Digital Object Identifier (DOI)
Promoting Authority Through Sport by States and Societies of Eastern Europe
Titel: Promoting Authority Through Sport by States and Societies of Eastern Europe
Autorinnen: Jenifer Parks
Schlagwörter: Osteuropa, Sowjetunion, Sport, Olympische Spiele, 22, 1980, Moskau
The topic of authority and sport opens many avenues for research on Eastern Europe. Much scholarship on the region has examined the use of sport by authoritarian regimes to promote state-building, unity, and regime authority. Through a case study of the drive to host the 1980 Olympic Games, this article explores the ways that Soviet sports administrators used international sport to promote the authority abroad of the Soviet Union and the socialist bloc during the Cold War. While Olympic successes did enhance the reputation of the Soviet Union abroad, the 1979 Soviet invasion of Afghanistan on the eve of the Moscow Olympiad, damaged Soviet authority internationally, demonstrating the limits of sports to mitigate the effects of international conflict. Recent scholarship on the region has also highlighted the limits of state control over sport and the use of sport by non-state actors to advance their own local, regional, and national agendas separate from and in some cases indirect opposition to regime goals. Considering the ways in which various actors,groups, institutions, and states of Eastern and East Central Europe have attempted touse sports in order to promote their power internally and externally, the topic of authority and sport provides many avenues for exploring power dynamics in the history of Eastern and East Central Europe.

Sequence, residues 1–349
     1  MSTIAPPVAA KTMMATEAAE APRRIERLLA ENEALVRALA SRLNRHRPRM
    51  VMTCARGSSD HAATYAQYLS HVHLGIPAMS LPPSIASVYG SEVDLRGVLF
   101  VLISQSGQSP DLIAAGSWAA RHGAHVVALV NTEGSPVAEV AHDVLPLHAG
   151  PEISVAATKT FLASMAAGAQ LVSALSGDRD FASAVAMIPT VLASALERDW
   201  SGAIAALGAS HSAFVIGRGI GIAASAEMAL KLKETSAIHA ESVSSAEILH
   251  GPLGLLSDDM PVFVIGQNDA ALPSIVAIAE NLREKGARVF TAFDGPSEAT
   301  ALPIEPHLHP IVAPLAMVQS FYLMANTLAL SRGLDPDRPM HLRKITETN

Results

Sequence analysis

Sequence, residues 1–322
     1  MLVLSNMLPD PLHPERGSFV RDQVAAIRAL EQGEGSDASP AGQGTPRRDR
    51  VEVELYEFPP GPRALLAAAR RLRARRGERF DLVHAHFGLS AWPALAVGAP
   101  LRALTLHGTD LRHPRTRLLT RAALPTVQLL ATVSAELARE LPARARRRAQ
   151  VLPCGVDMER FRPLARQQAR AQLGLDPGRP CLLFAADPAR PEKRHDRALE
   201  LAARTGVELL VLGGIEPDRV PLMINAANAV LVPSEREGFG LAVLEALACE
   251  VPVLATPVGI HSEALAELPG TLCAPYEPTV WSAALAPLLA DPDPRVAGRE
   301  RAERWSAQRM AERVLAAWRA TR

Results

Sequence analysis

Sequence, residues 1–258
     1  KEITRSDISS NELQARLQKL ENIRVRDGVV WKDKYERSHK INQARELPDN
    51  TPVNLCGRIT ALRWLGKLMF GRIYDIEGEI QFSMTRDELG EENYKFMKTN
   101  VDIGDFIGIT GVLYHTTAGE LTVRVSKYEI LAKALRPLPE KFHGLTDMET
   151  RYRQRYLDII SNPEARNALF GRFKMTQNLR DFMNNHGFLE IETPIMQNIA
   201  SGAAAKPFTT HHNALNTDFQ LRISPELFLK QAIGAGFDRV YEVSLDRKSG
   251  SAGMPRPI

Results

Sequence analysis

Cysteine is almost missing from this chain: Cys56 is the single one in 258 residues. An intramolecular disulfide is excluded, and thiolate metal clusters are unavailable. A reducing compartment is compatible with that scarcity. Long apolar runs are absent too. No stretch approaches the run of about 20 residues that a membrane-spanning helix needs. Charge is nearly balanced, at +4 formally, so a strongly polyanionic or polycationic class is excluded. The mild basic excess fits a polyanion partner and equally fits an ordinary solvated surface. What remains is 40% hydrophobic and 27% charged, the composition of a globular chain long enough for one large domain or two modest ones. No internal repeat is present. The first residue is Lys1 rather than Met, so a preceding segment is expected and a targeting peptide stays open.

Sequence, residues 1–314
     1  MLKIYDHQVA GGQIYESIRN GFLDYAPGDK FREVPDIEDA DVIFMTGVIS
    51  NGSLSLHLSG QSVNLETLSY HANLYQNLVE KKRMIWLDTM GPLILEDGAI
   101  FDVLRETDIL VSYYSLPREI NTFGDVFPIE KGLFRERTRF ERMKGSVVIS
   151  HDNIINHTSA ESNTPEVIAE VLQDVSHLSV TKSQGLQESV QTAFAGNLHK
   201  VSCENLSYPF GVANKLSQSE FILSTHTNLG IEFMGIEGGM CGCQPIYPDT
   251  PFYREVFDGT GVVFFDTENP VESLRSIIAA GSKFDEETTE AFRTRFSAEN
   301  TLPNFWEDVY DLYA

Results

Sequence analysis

Geographischer Raum: Osteuropa, Sowjetunion
Anke Hilbrenner, Ekaterina Emeliantseva, Christian Koller, Manfred Zeller, Stefan Zwicker (Hgg.): Handbuch der Sportgeschichte Osteuropas. Regensburg : Leibniz-Institut für Ost- und Südosteuropaforschung, 2012-2017. ISSN: 2198-2457.
CC BY-NC-ND 4.0
Parks, Jenifer (2017): Promoting Authority Through Sport by States and Societies of Eastern Europe, in: Handbuch der Sportgeschichte Osteuropas: Version: 1. Leibniz Institute for East and Southeast European Studies. Text. https://doi.org/10.15457/sportost_parks_2017